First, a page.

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Blogger Hans said...

Det irriterar mig att jag inte sparade min epost (inte ens viktiga saker) från de första åren jag hade tillgång till epost. I början läste jag den mesta av min post på ett studentkonto som jag inte har kvar, och den är naturligtvis borta. Jag hade även det konto jag använder idag redan då, 1988, men tyvärr använde jag det inte för epost. Det hade varit trevligt att ha kvar även de äldsta breven. Som det är så har jag epost kvar från 1995 och framåt, och de äldsta breven är arkiverade i ett annat format. Jag kan konvertera de gamla arkiven men det är både jobbigt och tråkigt. Jag ska se till att det blir gjort någon gång...

Jag känner mig rimligt säker på att den epost jag skriver hädanefter kommer att finnas kvar om jag vill gräva i den under kommande år, och redan nu gräver jag regelbundet i gammal epost. Men hur blir det sen? Jag undrar om det kommer att finnas något sätt att spara epost från en person till en annan. Jag har ärvt åtskilliga gamla brev som min farfar och farmor skickade mellan sig från sent 1930-tal och ett eller två årtionden framåt. Jag har haft mycket nöje av att läsa dem, och de har gett mig en mycket intressant inblick i hur livet var förr. Visserligen en inblick med många brister eftersom brevsamlingen verkar vara långt ifrån komplett, men dock. Jag undrar om min egen korrespondens kommer att finnas kvar och vara läsbar på ett motsvarande sätt?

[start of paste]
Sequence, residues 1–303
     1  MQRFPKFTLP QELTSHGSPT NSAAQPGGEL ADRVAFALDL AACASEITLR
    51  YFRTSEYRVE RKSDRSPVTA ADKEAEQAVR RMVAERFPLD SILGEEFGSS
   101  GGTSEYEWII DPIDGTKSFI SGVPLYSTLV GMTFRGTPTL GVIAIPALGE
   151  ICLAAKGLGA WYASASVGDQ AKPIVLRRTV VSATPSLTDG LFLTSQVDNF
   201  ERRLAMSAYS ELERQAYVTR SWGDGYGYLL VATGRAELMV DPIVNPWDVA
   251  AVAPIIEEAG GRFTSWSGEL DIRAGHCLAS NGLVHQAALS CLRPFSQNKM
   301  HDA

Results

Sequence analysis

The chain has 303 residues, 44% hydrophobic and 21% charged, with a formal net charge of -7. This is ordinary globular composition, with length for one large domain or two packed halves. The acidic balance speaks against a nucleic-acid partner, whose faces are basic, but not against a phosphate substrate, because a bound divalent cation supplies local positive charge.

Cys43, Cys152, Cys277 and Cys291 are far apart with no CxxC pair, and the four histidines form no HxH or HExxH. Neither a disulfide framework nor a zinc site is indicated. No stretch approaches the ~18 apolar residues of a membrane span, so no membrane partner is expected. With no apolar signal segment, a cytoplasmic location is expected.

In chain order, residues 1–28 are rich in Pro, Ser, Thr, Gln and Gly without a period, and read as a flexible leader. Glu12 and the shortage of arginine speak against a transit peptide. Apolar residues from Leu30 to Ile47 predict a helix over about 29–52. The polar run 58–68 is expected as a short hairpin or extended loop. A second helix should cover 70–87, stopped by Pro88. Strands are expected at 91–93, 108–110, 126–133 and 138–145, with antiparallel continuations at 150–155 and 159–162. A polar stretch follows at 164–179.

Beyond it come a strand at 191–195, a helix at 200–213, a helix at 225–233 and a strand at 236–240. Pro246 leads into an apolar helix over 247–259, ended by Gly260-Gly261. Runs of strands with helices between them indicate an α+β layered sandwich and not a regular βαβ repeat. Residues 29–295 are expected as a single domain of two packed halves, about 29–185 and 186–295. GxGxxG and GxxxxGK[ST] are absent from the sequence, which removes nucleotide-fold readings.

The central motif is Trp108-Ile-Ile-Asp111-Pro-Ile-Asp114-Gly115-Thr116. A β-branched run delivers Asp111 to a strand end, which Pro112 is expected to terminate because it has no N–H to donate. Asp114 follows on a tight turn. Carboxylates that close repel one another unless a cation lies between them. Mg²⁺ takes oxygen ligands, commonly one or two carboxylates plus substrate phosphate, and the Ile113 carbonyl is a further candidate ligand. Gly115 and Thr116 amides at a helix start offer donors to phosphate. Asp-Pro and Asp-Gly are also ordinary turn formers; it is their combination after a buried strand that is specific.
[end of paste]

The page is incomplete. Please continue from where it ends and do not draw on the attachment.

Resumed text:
29 August, 2006 20:42  
Blogger Martin said...

I agree! Future generations will probably have some sort of routine when a person dies, to copy all her on-line data into the National Archives.

29 August, 2006 20:59  
Anonymous Teudimundo said...

That's one reason why I think people should use open source programs with open source formats, the suggestion of using Thunderbird was correct.

This is a nice example that I can use when I try
to explain the advantages of open formats.

30 August, 2006 10:18  
Blogger Martin said...

If the Open Source programmer community equipped Thunderbird with encyclopaedic knowledge of old mail folder formats, then the easiest migration path from Outlook and other proprietary programs would point to Thunderbird.

Actually, the main reason that I switched to T-bird was the glacial slowness and clunkiness of Outlook. I also like T-bird's Bayesian spam filter. I've used the same e-mail address since 1995 and it's pretty widely spread over the web and sundry newsgroups. Let's just say that I do not feel overlooked by purveyors of erectile dysfunction drugs.

30 August, 2006 10:43  
Anonymous Teudimundo said...

Obviously it would be nice to have such a list of import filters. But consider that if the format is proprietary, so it's not always possile to know which is the layout of data inside.

30 August, 2006 12:19  
Anonymous Nihonshu said...

Cant you just forward the mail from his computer and outlook to an (or several) temporary new accounts? Like a gmail or hotmail account?

It can of course take some time.. but still...

31 August, 2006 00:04  
Blogger Martin said...

Yes, using slave labour that would be entire doable.

31 August, 2006 10:59